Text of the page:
Gipsy family on illegal site given scarce secondary school places

TWO children from a gipsy family illegally living on a Green Belt site have been given places at an oversubscribed Harpenden secondary school. Two of the Smith children whose family have three months left to get off the site at Riverbanks Stables in Low

TWO children from a gipsy family illegally living on a Green Belt site have been given places at an oversubscribed Harpenden secondary school.

Two of the Smith children whose family have three months left to get off the site at Riverbanks Stables in Lower Luton Road, Wheathampstead, are being educated at Sir John Lawes School.

That is despite the fact that the family owns two houses in Luton and are thought to have moved on to the Riverbanks site to ensure their children got places at the popular Harpenden school.

Not only are two of the children at the school but the sibling rule means that up to five others will automatically get places there.


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The situation has infuriated many families in Wheathampstead who have been unsuccessful in getting places at any of the three over-subscribed Harpenden schools.

And it makes a mockery of Herts County Council's so-called tough stance on potential school-place deception.

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Bobby and Carol Smith bought the Green Belt site in November 2005, moving on several months later. When St Albans District Council discovered what was happening, the family claimed to be travellers and asked for consideration to be given to their gipsy status.

A site visit in December 2006 showed there were seven vehicles there, three of which appeared to have been transferred to the motor trade, and the rest were all registered to a company which was listed at the Smith's two addresses in Luton.

In January a planning inspector who was considering an appeal by the Smiths to stay on the land accepted that they were gipsies but did not recognise their argument that they needed to stay on the site to prevent disruption of their children's education.

He pointed out that they had attended schools near their previous home in Luton which was disrupted by their move to the Riverbanks site.

They were given until August this year to leave the site or face legal action.

Last year the county council promised it would act on school place fraud by sending letters to a random selection of parents and carers in certain areas asking them to provide proof of a permanent address.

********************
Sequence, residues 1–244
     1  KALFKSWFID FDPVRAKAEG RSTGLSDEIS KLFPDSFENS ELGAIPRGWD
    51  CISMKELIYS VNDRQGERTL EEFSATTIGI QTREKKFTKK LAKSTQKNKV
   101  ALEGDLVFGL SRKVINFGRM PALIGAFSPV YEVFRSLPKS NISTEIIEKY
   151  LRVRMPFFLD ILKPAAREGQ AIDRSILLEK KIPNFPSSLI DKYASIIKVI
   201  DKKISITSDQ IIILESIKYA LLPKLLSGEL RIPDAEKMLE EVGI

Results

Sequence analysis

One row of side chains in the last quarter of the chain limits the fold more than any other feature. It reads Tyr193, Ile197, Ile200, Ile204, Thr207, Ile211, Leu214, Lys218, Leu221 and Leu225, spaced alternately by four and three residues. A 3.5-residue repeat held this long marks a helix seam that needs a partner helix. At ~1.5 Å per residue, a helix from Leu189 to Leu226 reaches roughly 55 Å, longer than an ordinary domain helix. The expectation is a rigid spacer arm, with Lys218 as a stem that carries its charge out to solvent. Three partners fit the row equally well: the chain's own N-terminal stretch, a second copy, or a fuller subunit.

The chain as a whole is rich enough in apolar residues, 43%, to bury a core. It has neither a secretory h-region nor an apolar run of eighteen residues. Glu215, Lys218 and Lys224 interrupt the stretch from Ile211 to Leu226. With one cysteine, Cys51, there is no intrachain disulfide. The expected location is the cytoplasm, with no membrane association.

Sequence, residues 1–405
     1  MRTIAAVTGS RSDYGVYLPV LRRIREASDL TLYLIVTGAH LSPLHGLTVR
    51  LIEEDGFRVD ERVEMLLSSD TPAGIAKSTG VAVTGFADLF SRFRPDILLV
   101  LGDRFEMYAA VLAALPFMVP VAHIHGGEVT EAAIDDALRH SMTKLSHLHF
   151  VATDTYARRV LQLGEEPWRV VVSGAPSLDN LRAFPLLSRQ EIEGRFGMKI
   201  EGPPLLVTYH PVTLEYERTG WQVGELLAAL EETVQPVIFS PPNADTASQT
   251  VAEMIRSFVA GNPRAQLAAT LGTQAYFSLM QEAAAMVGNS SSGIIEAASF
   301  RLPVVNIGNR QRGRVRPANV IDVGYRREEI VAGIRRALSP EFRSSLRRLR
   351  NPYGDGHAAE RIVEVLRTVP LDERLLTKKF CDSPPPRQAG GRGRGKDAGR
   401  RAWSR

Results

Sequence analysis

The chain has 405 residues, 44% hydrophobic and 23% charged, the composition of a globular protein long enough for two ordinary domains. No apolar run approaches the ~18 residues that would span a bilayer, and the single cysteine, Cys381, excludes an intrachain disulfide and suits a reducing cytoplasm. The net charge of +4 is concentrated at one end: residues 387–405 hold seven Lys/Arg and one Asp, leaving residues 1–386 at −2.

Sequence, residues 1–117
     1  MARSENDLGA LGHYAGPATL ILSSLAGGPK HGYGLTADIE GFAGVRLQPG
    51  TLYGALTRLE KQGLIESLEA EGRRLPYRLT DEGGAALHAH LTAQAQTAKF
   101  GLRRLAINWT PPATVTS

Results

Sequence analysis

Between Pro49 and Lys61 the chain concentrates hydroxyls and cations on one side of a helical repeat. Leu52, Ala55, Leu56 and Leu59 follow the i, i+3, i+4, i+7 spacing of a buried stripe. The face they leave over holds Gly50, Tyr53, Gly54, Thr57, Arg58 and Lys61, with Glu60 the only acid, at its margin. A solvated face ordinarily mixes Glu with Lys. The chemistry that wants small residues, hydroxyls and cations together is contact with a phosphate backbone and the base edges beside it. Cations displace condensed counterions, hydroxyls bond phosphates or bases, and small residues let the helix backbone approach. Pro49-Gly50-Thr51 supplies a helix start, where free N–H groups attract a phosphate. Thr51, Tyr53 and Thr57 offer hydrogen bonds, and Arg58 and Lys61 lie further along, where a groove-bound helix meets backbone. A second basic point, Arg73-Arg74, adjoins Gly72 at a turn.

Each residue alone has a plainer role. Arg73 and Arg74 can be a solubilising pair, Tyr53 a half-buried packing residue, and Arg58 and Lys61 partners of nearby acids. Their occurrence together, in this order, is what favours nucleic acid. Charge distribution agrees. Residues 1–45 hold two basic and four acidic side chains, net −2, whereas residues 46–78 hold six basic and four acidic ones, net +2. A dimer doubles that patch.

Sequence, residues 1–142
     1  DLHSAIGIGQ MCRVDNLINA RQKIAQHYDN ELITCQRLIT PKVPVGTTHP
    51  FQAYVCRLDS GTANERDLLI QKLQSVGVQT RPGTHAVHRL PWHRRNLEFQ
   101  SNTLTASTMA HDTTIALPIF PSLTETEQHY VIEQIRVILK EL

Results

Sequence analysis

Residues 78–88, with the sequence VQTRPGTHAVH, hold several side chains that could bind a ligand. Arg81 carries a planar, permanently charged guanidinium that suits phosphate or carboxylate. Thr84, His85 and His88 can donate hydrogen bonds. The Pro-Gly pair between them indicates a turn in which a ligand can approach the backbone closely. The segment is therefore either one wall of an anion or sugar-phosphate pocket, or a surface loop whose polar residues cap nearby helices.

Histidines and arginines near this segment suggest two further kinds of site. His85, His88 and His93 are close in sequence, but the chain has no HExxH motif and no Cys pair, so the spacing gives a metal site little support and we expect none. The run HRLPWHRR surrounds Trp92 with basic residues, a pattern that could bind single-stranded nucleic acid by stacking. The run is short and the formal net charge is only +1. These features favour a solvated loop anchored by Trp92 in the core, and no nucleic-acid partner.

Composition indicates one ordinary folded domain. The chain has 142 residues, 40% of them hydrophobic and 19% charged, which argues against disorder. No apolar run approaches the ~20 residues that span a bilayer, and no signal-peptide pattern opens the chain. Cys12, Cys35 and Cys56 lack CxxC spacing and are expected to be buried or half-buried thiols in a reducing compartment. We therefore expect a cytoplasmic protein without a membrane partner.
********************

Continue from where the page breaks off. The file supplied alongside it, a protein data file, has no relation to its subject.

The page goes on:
It followed a High Court decision in November 2006 to take away a school place in Harpenden from a 12-year-old boy because his parents were unable to provide proof of his permanent address.

The county council's children, schools and families division made a short statement this week, maintaining that they thoroughly investigated all allegations of the use of fraudulent addresses to obtain school places.

A spokesperson added: "When it is clear that places have been allocated on the basis of deliberately misleading or fraudulent information, places are withdrawn. However it would not be appropriate to remove a school place from a child who has been attending a school for a significant period of time."

St Albans district councillor for Wheathampstead, Judy Shardlow, who has been actively campaigning on behalf of the remaining 13 children in the village without a place at the secondary school of their choice, accused the county council of knowing about the situation for a long time and turning a blind eye.

She has been helping a mother without a place for her child who has lived in the village all her life and said: "She hasn't just come in from Luton in the hope of getting a place. A lot of people this year are bewildered and can't believe they are in this situation. The county council don't see how it tears people apart and impacts on their lives."

Mr Smith did not want to make any comment about his children's school places yesterday but said the family were unable to live in their properties in Luton because they were too dilapidated and the council there would not allow them to live in caravans in the garden.

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